Leaping lemurs work together to survive

By Casey Frye, CCNN Writer

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Talk about hanging around!

Last week, a report from Michigan University said that it might be better for us to share with others in our community. When the test leaders created a virtual computer world, they discovered that people who shared and helped each other out were more likely to survive than the selfish people in the community. New research from Yale University found the same exact thing when they studied some lemurs in the jungle!

Andrea Baden and her Yale research team went to Ranomafana National Park in Madagascar to study the black-and-white ruffed lemurs, a type of primate. Most primates – like monkeys and apes – have babies that have a well-developed body for their age. This allows them to cling to their mommy as she walks around gathering food and other materials important for survival.

Black-and-white ruffed lemur babies, on the other hand, don’t have muscles as well-developed as the offspring of other primates. It’s tough for a little lemur to cling to his mother’s body, which makes it hard for her to carry the baby and collect food at the same time. This doesn’t sound too bad right? I know some newborn mammals like deer only need a day before they are able to prance around. Well, the lemur babies can take up to 10 long weeks before they can move by themselves!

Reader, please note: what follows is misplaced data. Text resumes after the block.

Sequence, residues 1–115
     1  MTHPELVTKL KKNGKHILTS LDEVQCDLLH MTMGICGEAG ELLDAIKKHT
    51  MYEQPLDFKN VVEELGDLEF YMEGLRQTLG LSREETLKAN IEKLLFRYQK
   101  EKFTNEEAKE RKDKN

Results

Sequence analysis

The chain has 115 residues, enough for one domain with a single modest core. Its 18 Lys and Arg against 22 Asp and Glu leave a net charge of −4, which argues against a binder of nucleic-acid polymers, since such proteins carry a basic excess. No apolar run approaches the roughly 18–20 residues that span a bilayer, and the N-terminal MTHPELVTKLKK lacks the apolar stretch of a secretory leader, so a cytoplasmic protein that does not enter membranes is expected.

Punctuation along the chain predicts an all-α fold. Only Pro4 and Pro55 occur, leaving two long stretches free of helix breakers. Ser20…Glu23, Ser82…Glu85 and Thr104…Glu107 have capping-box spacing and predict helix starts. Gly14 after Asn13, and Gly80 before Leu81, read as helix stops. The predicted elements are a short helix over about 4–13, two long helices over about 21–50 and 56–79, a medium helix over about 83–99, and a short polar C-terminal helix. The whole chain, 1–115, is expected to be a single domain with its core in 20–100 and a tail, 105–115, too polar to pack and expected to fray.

Sometimes, the newborn baby is left all alone in the nest as his mother gathers food. This can place him in a lot of danger! What’s the best thing for her to do, just sit at home for 10 weeks? I mean, somebody’s got to get the groceries. According to the team from Yale, she should join a community of other mommies to make something like a day-care program! Some lemurs form things called communal crèches, where lemurs take turns watching each other’s babies while they go collect food.

What was the result when the mothers worked together? For one, the moms were able to go get a nice meal to eat, and bring back some food for the other gals. Eventually, they would bring back so much food, there was a nice pile in the nest for everyone to eat from. Aside from having more access to food, the researchers say the babies were much more likely to survive! Wow, sharing really is caring, isn’t it?